Facebook-It’s A Gold Mine Of Information

untitled.pngAccording to Orly Konig, if you use it wisely, social media isn’t a time suck – it’s a gold mine, and I agree.

Why connect on Facebook when you have a local clan or critique partners? It’s called connections, networking, and support. There’s something for everyone.

  • Critique Groups
  • Genre – Specific Groups
  • Association Groups (Women’s Fiction Writers Association, for example)
  • Marketing/Prom Support Groups
  • Agent/Publisher Groups
  • Event – Specific Groups (Writer’s Digest Annual Conference)
  • Reader-Oriented Groups

Facebook groups are a great place to ask questions and get honest answers. It doesn’t matter if you’re starting out or multi-published, there’s always something to learn.

Keep in mind, as with most things, you get what you put in. If you’re joining a critique group, jump in and critique for others. Answer questions and offer advice if it’s a subject you are comfortable with. Share experiences and encouragement with others as appropriate.

Don’t wait until you’re up against the wall and need help to join a Facebook group. If you only come out of the woodwork when you need something and don’t reciprocate, people will notice. Group members are much more likely to go out of their way to help you if they know and respect you.

Something to think about.

-Jan R

 

 

 

Facebook-It’s A Gold Mine Of Information

Infusing Scenes With Tension

images9B8IY8URI love Writer’s Digest. If you’re a serious writer, you should consider subscribing to the magazine. They have great articles from published authors that cover a multitude of subjects-related to writing of course 🙂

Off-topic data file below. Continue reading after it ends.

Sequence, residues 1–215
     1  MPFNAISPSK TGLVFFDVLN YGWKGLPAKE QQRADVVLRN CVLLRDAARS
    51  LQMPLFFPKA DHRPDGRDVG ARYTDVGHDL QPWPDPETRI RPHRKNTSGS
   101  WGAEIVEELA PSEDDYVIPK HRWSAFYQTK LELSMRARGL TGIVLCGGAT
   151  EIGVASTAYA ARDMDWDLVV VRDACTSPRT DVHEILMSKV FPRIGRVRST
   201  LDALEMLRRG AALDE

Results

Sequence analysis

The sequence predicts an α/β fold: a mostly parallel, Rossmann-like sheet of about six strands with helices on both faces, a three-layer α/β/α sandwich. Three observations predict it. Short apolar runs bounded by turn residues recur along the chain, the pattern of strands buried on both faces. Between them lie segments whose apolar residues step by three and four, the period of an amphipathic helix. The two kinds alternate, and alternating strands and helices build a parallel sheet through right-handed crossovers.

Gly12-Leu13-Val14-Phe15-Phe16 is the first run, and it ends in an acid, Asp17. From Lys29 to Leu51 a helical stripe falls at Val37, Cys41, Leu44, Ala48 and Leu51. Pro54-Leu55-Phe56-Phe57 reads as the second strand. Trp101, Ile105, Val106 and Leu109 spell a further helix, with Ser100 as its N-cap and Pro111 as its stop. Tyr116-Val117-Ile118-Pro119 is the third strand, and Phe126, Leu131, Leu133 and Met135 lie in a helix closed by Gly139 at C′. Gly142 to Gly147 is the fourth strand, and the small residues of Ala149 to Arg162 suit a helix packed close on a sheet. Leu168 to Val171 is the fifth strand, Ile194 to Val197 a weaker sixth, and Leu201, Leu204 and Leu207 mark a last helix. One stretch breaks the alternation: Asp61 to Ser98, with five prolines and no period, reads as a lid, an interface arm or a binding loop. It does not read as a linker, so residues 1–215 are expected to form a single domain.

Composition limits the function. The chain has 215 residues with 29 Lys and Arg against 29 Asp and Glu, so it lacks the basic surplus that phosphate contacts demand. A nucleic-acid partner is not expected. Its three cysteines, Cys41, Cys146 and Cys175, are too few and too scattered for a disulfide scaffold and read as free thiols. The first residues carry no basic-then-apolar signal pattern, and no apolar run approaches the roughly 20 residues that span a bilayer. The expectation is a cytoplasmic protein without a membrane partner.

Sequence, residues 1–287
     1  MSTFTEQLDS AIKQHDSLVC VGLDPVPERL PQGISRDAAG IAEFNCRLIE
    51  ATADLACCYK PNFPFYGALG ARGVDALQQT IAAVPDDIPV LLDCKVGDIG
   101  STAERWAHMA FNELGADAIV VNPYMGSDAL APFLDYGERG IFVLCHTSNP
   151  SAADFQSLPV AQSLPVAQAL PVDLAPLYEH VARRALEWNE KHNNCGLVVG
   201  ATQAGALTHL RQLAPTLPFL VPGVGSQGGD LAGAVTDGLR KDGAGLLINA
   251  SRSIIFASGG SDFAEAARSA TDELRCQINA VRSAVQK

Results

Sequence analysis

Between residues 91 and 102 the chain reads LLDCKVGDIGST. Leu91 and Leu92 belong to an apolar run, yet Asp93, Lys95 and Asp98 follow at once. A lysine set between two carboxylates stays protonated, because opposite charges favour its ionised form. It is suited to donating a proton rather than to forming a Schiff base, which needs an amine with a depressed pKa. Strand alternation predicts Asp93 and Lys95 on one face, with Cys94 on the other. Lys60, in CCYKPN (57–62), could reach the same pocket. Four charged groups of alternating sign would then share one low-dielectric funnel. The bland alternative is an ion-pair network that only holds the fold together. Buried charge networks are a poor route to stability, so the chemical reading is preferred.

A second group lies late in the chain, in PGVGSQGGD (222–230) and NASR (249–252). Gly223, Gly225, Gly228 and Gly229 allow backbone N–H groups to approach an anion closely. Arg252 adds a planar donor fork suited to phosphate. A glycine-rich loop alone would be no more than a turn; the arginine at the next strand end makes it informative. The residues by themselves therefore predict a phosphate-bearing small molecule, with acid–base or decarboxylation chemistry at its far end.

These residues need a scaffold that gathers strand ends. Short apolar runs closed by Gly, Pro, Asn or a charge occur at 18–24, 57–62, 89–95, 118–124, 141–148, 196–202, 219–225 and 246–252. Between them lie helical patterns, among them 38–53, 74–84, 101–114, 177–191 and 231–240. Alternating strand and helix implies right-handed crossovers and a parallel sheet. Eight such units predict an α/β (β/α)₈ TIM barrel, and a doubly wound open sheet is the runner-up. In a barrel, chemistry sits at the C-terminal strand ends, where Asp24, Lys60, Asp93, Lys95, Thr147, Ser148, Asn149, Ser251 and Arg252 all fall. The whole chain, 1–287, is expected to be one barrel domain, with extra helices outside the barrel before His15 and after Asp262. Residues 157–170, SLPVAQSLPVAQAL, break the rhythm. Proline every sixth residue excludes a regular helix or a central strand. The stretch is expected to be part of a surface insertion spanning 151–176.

I recently picked up a copy of one of my older publications and reread an article by Jordan Rosenfield on building tension, or I guess I should say, quick tips for infusing scenes with tension.

Dramatic tension relies on the reader’s knowledge that something is about to go down – but the details for how or when have yet to be revealed. To create it, you must:

  • Thwart your protagonist’s goals and delay satisfaction.
  • Include unexpected changes without immediate explanation.
  • Shift power back and forth.
  • Throw in a piece of plot information that changes or alters your protagonist.
  • Create a tense atmoshpere through setting and senses.

Tension keeps the reader waiting with baited breath, wondering if the protagonist is going to survive, find love, or achieve his/her goal.

Remember tension keeps your reader turning the page.

Something to think about.

– Jan R

 

 

Infusing Scenes With Tension

Narrative Versus Exposition-They’re Not The Same

NARRATIVE4I remember when I first started taking my writing seriously. I did a lot of research and read a lot of information on how to write a publishable novel. Somewhere along the way, I missed the part were narrative and exposition were not the same. As a matter of fact, I used the two interchangeably.

In response to one of my earlier blogs, a fellow blogger commented that she thought I was wrong in reference to a statement I had made concerning exposition and narrative. She, of course, was right, and as a result, I took a closer look at these two concepts.

Narrative

  • Narrative is your voice as the writer sharing information with your readers.
  • It tells the writer instead of shows.
  • Narrative lets you set the scene and give background information.
  • Used for transitions, it moves the reader from one scene to another.
  • It slows the pace.

Exposition